Are you familiar with orange wine? For those who are curious or may not have tried it yet, here’s some general winemaking information followed by a review of Dominio de Punctum Pomelado Orange Wine 2018.

Orange wine, sometimes referred to as amber wine, is not made from oranges as some may assume. The name reflects the wine colour.  To better understand orange wine, it’s useful to know some basics about how wine is made.

One of the processes in winemaking is called Maceration. This step is where crushed grapes soak with the grape skin, seeds, and stems to create what is called Must. Maceration is mostly used for red wine production. The process extracts compounds and phenols to give red wine structure through tannins, while enhancing the aroma and flavours of the wine. The pigments are extracted through the skin giving red wine its colour.

White wine, on the other hand, typically goes through very little or no maceration. White wine is most often made by fermenting only the juice released from pressing the grapes. This is why white wine tends to be lighter in structure and virtually tannin free.

Orange wine is typically natural and organic. It is made with white grapes that are fermented with the skin, and sometimes with stem and seeds, giving it a structure similar to red wine while keeping concentrated flavours and aromas associated with white grape varieties.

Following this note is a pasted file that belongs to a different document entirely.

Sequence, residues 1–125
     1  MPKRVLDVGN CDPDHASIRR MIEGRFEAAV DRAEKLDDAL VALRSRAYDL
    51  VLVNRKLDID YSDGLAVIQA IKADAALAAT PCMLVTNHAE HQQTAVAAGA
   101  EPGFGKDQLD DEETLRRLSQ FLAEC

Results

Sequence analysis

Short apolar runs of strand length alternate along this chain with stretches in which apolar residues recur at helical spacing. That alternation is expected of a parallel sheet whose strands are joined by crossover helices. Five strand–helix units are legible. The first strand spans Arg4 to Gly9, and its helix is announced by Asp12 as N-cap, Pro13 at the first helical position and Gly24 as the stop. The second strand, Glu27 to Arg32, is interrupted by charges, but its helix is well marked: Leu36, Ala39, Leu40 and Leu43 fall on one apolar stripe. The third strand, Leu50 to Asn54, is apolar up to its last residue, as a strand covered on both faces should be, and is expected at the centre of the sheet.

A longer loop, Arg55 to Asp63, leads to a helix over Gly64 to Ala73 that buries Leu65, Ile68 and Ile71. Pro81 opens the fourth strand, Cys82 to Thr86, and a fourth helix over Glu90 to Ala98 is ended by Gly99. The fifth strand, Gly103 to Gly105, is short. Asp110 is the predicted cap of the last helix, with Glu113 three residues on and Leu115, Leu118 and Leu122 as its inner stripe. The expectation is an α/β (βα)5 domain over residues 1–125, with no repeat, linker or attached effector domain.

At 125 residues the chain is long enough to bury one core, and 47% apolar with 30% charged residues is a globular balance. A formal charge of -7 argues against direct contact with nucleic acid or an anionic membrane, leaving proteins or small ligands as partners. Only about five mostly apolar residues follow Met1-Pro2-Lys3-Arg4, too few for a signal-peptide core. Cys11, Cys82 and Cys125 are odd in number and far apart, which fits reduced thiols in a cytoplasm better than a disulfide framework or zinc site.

There are multiple style-making techniques to orange wine production giving the wine different characteristics. Some wine producers may chose to macerate the grapes with the skin for either a short or long period. Different fermentation vessels can be chosen. Oxygen exposure is often preferred which may result in nutty and dried fruit characteristics. Some may use wild yeast that leads to spontaneous fermentation, which can give more rustic characteristics as can be found in sour beer.

I’ve had the pleasure of trying different styles of orange wine. One that I have enjoyed in the past that is completely different than the wine I sampled for my full review is the Southbrook Vidal Skin Fermented Orange Wine from Ontario. This wine has citrus and tea notes. The wild yeast gives it sour beer and cider characteristics with its lighter, tart and slightly cloudy profile. Another example of a lighter and more tart orange wine is the Loveblock Orange from New Zealand with notes of orange peel, cumin and Indian spices.

The wine I tried for this review is Dominio de Punctum Pomelado Orange Wine 2018 from La Mancha, Spain, made from a Sauvignon Blanc blend.

This organic wine is visually luscious and has a beautifully rich amber colour. On the nose, it has aromas of bruised honey-crisp apple, dried apricot, walnut, orange blossom, marmalade, sweet spice, and hints of honey.

The sweet aromas do not in any way equate to a sweet wine, it is in fact bone-dry. On the palate, it is full bodied with perceivable alcohol and gentle tannins. The flavours are lemon, blood orange, walnut, and a touch of honey. It has bright acidity and a sharp nutty bitter finish.

Tasted February 2020.

Alc./Vol.: 13%

Wine-Food Pairing: This wine pairs well with curries. I enjoyed it with butter chicken. Because of the bitter finish, avoid bitter food like cilantro as the sharp flavours will only be enhanced in both the food and wine.

Score: 89

Link to the LCBO

Please comment if you would like a blog that features in-depth information on the different styles of orange wine.

Curious About Orange Wine? An Overview of How it’s Made and Tasting Notes